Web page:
Doula or the grandmother?

Proud dad Bhen with his daughters  Elizabeth (4) and newborn Alexandra. No doula needed!

Proud dad Bhen with his daughters Elizabeth (4) and newborn Alexandra. No doula needed!

A doula is ‘a woman who gives support, help, and advice to another woman during pregnancy, birth of the baby and afterwards’. The word comes from the ancient Greek word for ‘slave-girl’. In Australia, doula training is available online and in person. However,doulas aren’t licensed. They are not required to have any formal medical training.

A doula is paid to provide ’emotional and physical support’ to a woman and her family. A bit like a grandmother, really.

I first came across the concept of a doula two years ago when a relative of my husband was pregnant. I found the idea of a doula  slightly shocking. How sad that someone would need to resort to a paid doula.

As a midwife in the 1950s, I constantly marvelled at the miracle of new life I witnessed. But in those days, nurses and midwives were not encouraged to talk with their patients. Being with patients to comfort them was seen as being ‘too familiar’. My memories of being suitably occupied as a midwife in the labour ward include endlessly rolling cotton-wool balls by hand! Not for us the role of support person.

During the 1960s and 1970s, when my own children were born, women were often  relegated to darkened rooms in a hospital. There we laboured, mostly alone.  Fathers and grandmothers were banished. Midwives checked on us occasionally. The doctor was called when the woman was ready to deliver.

The whole process of childbirth was medicalised. Others made the decisions for the parents. No one questioned their rights. Childbirth seemed long and often scary. Partners were notified after our babies were born. By the time they got to see us, we were clean and fresh in a bed in a post-natal ward. They viewed their babies through the window of the ‘nursery’.

childbirth classes

Happily, customs changed. Fathers began to stay with their partners in labour. They went to pre-natal classes. They knew what was what was expected of them. They heard about massage and breathing, and put into practice what they learned.

The medicalisation of labour began to soften at the edges. Partners developed their own birthing plans.

Grandmothers, sisters and friends crept into delivery suites. Emboldened, they stayed to make a difference. Mothers and fathers were grateful for their presence.

Being a grandmother i(and great-grandmother) is my  most cherished role .

Being a grandmother i(and great-grandmother) is my most cherished role .

One of the most amazing privileges of my own life has been to be present at the births of some of my seventeen grandchildren. I’m deeply grateful to my children and their partners.

I even delivered one granddaughter. It happened quite by accident. Her father’s frantic attempts to attract the attention of a midwife had failed. The hospital was  busy. My wonderful experience!

Recently, paid birth-coaches  (doulas) have added another layer of birth-support  to the mix.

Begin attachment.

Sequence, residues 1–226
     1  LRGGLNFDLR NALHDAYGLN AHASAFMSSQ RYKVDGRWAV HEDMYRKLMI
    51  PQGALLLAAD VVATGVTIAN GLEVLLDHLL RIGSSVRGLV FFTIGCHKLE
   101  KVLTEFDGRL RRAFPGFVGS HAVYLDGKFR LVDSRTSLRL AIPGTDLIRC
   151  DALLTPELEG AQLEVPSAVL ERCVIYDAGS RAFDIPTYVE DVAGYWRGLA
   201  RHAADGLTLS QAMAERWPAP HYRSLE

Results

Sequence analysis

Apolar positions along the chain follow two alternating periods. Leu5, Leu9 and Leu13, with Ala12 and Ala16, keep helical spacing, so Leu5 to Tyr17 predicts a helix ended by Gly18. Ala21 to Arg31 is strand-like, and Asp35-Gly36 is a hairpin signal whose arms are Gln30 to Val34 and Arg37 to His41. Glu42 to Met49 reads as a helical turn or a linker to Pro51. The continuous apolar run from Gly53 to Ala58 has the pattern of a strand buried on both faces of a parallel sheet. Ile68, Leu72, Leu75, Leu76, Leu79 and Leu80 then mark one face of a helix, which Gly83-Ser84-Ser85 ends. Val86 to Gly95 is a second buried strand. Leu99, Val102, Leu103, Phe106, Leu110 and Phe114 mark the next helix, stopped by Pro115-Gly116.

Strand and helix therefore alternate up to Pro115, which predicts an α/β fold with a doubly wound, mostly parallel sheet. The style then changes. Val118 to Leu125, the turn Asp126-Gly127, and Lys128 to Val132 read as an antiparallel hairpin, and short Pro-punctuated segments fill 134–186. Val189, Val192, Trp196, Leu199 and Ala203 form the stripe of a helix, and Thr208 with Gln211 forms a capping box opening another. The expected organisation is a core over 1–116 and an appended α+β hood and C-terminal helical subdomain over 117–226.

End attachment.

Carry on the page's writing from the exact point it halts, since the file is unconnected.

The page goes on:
Some couples do not have acceptable family support. They can engage and pay a doula. A doula provides company, information and physical assistance. She has no clinical role in the delivery room. These women are strong advocates for the wishes of the parents, especially mothers. Their role is sometimes controversial especially when medical intervention may be necessary.

However, doulas claim they make the mother feel safe and comfortable. Much like a partner. Or a grandmother really.

Are doulas a good idea? I’d love to read your comments.

6 thoughts on “Doula or the grandmother?

  1. Great history, Maureen; and I think if a mother does not have appropriate or adequate family or neighbour/friend support, a trained doula is a great idea, though I doubt most of the women who most need one would be able to afford her.

    • Thanks, Christina. Yes, I agree that a doula would be a good option if a woman wasn’t absolutely sure her husband could support her adequately and there was no one else. I don’t know how much it costs to have a doula, but if you just think about the hours she might be needed, it would probably be quite expensive. I just checked the website! A trainee doula costs about $650 for the full package, whatever that means. A senior doula can charge around $2500 for the same package, and can be contracted for extra duties if required. I didn’t think about that when I was writing the post.

  2. I think a mother, sister or friend knows you and your partner and will be there for the baby for life – not a bad investment in a support person for your child:-) Doulas may be necessary if there is no one else who would be comfortable in a birthing room. J

    • Thanks for your comment, Jenny. As you already know, I think that being asked to act as a support person for someone you love or care about is one of the greatest honors a person can receive. And the quality of the relationship with the mother and baby (and father, as well) is on-going, rich and rewarding. I feel really blessed that I’ve had that role with some of the parents of my grandchildren.

  3. Lovely story and photo of you and John!!. Wonderful to have shared and I know you will continue to share with various family members this most important event in their lives and in yours.RosieXX

    • Rosie, I love your comments on my blog, thank you. Glad you like the story. The photo of John and me with one of the babies is a favourite.

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